‘Automatic success not real’ for City’s front three: Kisnorbo

23 rounds, early rivalries galore and Friday night double-headers as 2022 Toyota AFL Fixture is released

The netball skills could be seen on full display during some of the training drills, especially with passing and scoring around the hoops, with a lot of quick but deliberate passing, some excellent marking, swats and deflections of the quaffle, and some high-quality scoring.

Once all the training drills had been completed, it was time to play a game where the Lightning players would put the skills they had just learnt into play, and it was smiles all around in a very low-key, albeit competitive game.

“We were definitely a lot more lenient on the rules,” Smith said when asked about the actual game.

“We did no contact to avoid unnecessary injuries, which took away the worry of a lot of those rules (related to contact), like no two-arm contact, no contact from behind, and no high contact.”

Having experienced Quidditch players intermingled between the two squads of Lightning players helped to create a free-flowing game as opposed to one riddled with stoppages to explain different things.

“The assistant ref would approach the players during lulls in play and give advice on how you should do this or do that, and the experienced players were able to do the same thing as we were playing with them,” Smith explained.

A University of Sunshine Coast beater in action at the 2019 Australian Quidditch Championships. (Photo: Ajantha Abey Quidditch Photography/Facebook)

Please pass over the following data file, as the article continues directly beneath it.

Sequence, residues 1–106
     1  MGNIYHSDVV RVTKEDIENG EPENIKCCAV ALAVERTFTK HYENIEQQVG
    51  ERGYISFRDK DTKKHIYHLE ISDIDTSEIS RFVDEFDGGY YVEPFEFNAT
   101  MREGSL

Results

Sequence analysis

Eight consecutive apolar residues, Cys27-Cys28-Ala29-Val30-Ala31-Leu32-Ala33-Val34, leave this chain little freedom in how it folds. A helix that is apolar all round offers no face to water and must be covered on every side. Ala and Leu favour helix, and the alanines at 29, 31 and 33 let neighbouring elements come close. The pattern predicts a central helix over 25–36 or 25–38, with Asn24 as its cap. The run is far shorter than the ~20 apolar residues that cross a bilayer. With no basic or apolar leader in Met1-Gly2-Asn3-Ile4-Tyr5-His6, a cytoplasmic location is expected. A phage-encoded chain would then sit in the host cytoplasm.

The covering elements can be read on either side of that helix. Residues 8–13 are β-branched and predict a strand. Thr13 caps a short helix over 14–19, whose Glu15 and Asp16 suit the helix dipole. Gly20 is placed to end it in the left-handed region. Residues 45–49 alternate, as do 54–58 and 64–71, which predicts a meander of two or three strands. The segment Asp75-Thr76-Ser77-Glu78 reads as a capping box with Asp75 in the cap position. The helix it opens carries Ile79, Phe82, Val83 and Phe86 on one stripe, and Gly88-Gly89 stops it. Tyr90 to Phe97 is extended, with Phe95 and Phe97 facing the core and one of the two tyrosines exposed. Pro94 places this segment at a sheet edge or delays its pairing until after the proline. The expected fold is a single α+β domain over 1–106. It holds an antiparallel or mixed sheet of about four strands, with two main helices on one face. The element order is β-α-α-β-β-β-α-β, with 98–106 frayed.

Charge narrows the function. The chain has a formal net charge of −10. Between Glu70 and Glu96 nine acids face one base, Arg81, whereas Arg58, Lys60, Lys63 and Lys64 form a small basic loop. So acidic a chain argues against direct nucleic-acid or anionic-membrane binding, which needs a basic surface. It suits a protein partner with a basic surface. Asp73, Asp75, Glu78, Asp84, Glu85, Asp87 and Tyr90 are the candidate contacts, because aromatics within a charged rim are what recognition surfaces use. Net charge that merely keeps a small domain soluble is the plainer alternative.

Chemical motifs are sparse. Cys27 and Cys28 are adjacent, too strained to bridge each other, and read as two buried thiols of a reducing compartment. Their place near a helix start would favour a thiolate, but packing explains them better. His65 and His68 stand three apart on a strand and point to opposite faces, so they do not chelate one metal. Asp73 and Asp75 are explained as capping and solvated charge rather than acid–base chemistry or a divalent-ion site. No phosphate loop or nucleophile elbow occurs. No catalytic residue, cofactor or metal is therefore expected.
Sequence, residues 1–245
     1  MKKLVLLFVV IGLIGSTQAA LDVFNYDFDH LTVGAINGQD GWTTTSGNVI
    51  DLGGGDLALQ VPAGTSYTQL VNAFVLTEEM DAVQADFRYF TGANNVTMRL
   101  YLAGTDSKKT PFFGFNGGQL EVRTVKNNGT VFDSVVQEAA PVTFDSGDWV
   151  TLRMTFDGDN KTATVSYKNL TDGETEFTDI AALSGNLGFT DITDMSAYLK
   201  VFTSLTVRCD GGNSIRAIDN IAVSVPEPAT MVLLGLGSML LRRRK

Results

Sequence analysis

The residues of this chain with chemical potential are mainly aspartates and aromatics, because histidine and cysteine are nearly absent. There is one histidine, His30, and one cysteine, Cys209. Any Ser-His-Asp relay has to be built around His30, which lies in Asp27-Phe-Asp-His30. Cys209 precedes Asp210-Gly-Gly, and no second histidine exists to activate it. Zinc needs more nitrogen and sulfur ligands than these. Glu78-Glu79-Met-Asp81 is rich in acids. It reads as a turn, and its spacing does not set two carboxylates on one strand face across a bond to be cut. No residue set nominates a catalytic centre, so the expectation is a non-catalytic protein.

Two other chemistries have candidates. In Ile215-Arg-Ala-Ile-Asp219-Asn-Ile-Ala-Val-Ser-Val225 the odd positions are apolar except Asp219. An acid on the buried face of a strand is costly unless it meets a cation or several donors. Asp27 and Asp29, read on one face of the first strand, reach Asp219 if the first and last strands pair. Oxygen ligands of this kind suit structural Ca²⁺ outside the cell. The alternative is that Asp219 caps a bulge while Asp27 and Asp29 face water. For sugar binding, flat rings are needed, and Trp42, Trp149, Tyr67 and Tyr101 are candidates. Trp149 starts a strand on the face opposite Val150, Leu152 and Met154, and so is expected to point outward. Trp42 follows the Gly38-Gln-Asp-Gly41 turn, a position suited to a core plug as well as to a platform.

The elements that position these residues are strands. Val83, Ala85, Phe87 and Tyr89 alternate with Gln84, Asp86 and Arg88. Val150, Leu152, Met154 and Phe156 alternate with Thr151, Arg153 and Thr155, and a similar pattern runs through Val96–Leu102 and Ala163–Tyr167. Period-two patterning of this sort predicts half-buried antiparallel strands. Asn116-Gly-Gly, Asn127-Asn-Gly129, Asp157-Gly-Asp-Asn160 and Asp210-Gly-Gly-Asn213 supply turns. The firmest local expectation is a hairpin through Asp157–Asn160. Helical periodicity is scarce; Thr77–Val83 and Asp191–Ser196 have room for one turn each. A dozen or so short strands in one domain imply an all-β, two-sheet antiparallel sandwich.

Should more professional sports teams interact with their local Quidditch teams through methods such as a come and try session like the Lightning did? Smith certainly thinks so.

“I don’t think there are many teams at all that wouldn’t benefit from Quidditch because it is such an accumulation of different sports and because of that there are so many skills taken from all these different sports and put together (to create Quidditch),” she said.

“It’s not just a game of strategy, it is a really big game of developing skills, such as spatial awareness and ball-handling.”

What sports could benefit the most?

“European handball, rugby, soccer, and netball,” Smith explained.

“There’s a lot of parallels between things like formations, strategies, and team positioning or awareness and how to set them up, as well as just general fitness with the amount of running required in Quidditch.”

The only thing that USC would change about the session is wanting more time.

“We started at about 5pm, we had a little introduction that detailed the history of the sport and just how worldwide the sport is,” Smith said.

“We then explained the basics like this is a broom, this is a quaffle, a bludger, and this is what you do with them, before going into about an hour, hour and a quarters worth of training and then a half hour game.

“I’d have loved to have a second game to be able to go more in-depth about what the Lightning players did in the first game, and where they could improve for the second game and see how those were incorporated.”

Subscribe to our newsletter!

About Author

Leave a Reply